In 1965 he was offered a regular four-night residency at the Tudor Club working as the singer in a trio with Walter Rice on bass and Wahtachie on guitar for the princely sum of $12 per week. Three years later he formed his own band and when at one of the gigs the bass player ‘went missing’ he picked up the bass guitar and started playing. For similar reasons he learnt to play the piano and the alto sax and in 1972 eventually took up the guitar ‘because of the lead guitarist’s incompetence’. David cites his major influences on guitar as Little Milton, B.B. King and Albert King (note the order of preference) but comments that Guitar Slim was the real inspiration for him ‘staying with the guitar’.
In 1983 the renowned St. Louis sax player and record label owner Oliver Sain came across David playing in one of the local blues clubs and was so impressed that he signed him on the spot to his Vanessa Record label. He recorded his first release ‘Get Up and Move/This Would Mean So Much’ later that year which was issued as by David Dee and was locally very well received. This was followed shortly after by the huge blues hit ‘Goin’ Fishin’ that transcended his local fame and was not only bought nationally but was picked up by blues fans world wide after receiving rave reviews by Bill Dhal in Living Blues Magazine # 70. Over the next three years Vanessa issued a further four singles including the very fine ‘Christmas In The City/Please Come Home For Christmas’ and an L.P ‘Goin’ Fishin’ - that was mainly made up of the issued singles - that kept his name in front of blues elite as well as keeping him working hard throughout the Southern Chitlin Circuit.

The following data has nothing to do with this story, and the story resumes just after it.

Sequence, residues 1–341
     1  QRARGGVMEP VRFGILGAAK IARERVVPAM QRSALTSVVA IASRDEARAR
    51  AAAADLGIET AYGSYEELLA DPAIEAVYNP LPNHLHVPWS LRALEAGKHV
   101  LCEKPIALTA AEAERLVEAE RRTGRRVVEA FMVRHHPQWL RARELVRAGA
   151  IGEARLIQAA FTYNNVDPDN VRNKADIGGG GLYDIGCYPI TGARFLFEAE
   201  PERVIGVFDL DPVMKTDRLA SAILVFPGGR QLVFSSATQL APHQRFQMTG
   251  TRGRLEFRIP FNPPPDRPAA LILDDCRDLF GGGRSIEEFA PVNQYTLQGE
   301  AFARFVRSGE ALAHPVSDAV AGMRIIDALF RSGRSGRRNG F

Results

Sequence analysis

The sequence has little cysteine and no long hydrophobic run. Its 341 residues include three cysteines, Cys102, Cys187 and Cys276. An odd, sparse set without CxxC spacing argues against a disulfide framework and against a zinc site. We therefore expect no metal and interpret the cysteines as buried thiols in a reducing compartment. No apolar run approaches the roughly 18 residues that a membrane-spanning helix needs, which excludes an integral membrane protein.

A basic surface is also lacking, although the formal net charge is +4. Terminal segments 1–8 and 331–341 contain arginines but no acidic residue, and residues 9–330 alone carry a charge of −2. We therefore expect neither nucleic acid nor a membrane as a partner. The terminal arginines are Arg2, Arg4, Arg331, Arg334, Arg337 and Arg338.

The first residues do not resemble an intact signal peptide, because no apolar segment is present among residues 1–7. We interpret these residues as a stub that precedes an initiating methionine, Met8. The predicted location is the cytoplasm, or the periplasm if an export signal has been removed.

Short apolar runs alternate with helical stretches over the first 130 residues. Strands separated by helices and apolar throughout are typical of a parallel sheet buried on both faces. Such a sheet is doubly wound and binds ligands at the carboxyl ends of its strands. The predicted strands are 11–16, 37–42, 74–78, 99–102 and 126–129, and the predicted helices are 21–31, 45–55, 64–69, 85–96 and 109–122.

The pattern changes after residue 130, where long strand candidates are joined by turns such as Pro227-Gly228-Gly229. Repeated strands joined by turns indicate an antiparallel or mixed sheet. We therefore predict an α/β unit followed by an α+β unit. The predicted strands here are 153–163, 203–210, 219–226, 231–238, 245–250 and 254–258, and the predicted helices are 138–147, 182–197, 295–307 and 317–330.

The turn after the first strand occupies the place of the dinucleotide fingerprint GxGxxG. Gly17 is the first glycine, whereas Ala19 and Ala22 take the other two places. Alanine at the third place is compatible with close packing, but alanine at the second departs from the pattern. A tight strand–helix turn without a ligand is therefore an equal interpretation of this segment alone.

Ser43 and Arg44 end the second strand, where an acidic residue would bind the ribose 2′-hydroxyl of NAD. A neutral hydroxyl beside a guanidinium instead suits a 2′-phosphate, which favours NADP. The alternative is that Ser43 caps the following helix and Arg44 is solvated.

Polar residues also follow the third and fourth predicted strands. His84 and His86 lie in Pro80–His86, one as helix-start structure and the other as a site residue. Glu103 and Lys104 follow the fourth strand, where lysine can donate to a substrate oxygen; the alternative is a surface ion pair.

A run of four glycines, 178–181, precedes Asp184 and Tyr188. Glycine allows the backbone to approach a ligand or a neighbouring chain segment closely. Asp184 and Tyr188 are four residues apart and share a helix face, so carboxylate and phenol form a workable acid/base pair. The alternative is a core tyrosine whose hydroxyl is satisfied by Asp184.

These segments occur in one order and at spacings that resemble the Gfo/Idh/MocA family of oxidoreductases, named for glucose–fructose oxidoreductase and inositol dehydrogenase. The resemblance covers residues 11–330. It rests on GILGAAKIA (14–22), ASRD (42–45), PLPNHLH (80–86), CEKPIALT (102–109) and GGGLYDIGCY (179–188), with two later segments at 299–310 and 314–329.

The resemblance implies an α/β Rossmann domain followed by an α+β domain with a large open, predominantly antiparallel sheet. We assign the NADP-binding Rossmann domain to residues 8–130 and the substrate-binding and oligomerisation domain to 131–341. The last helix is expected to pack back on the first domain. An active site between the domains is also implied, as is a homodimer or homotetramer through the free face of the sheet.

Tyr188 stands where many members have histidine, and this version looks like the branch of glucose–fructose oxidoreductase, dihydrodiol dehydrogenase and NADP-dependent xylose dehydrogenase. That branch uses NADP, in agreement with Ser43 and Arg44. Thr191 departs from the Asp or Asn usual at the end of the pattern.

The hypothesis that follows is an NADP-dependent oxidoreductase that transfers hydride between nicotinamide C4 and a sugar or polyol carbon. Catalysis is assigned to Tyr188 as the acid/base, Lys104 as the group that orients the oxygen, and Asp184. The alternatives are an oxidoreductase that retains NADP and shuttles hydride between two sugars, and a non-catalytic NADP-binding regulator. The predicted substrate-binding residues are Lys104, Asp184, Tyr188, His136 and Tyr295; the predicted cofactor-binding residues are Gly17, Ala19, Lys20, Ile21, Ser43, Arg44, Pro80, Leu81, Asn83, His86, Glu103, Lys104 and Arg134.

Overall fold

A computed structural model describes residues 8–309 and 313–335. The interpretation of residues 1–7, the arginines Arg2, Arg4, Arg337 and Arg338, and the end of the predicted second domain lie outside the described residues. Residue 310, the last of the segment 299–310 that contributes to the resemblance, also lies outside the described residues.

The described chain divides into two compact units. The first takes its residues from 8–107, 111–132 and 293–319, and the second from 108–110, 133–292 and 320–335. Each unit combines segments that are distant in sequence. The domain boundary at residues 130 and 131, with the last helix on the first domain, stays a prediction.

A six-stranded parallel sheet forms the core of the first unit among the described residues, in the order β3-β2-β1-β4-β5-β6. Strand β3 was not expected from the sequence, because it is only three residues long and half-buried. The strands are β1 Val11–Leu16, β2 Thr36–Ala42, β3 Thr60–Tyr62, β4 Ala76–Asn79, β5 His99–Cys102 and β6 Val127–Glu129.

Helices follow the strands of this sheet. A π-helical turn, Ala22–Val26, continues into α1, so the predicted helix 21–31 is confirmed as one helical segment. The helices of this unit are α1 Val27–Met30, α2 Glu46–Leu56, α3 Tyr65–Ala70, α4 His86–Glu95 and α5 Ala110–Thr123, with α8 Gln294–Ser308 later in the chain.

In 1986 David recorded an album for the Edge Label in Los Angeles entitled ‘Sheer Pleasure’ that included the Edge single ‘On Your Way Fishing/I Wanna Get Into You’. Four years later David was back with Oliver Sain on Sain’s Pulsar Label with a great little single ‘Working the Dream Overtime/If I Knew Then’ (the A side is probably David Dee’s finest work and one can only wonder if there were more recordings of this high standard made for Pulsar Records) In 1991 Ichiban issued a CD by David with the unimaginative title ‘Goin’ Fishin’ which despite being produced and arranged by Gary B B Coleman turns out to be for the most part very enjoyable. A further track was issued by Ichiban on a Christmas compilation entitled ‘Christmas Tears’.
Over 50% of the known issued material has been either written or co-authored by David and these songs consist of both straight ahead traditional style blues like ‘Goin’ Fishin’ and Working Man Blues’ and soul blues ballads in the form of the magnificent ‘Working The Dream Overtime’, ‘Don’t Leave Me Holding On’ or the funky ‘Back In Your Arms Again’. After the Ichiban recordings David dropped below the radar, apart from an appearance at the Dutch Estafete in Utrecht in 1996, which led to a week’s residency at the Meridian Hotel’s Lionel Hampton Club in Paris sometime later. I had missed both of these shows and must admit to having almost forgotten how much I had enjoyed receiving and listening to his various singles and albums.
And that would have been that except for a chance conversation with Boo Boo Davis, at his recent Shakedown show in Castor that brought up the name of his next door neighbour, David Dee. I almost fell off my chair and asked Boo Boo if he could put me in touch with David. In my excitement I mentioned to audience member and Juke Blues journalist David Williams that I might soon be able to get in touch with the St. Louis blues man David Dee. I was surprised when he (David Williams) not only knew of David Dee but had seen him relatively recently and that this show was ‘one of the best that he had ever seen’ and that David Dee was ‘a really hard working blues man’. A couple of weeks later I ‘phoned David Dee and the December date was clinched.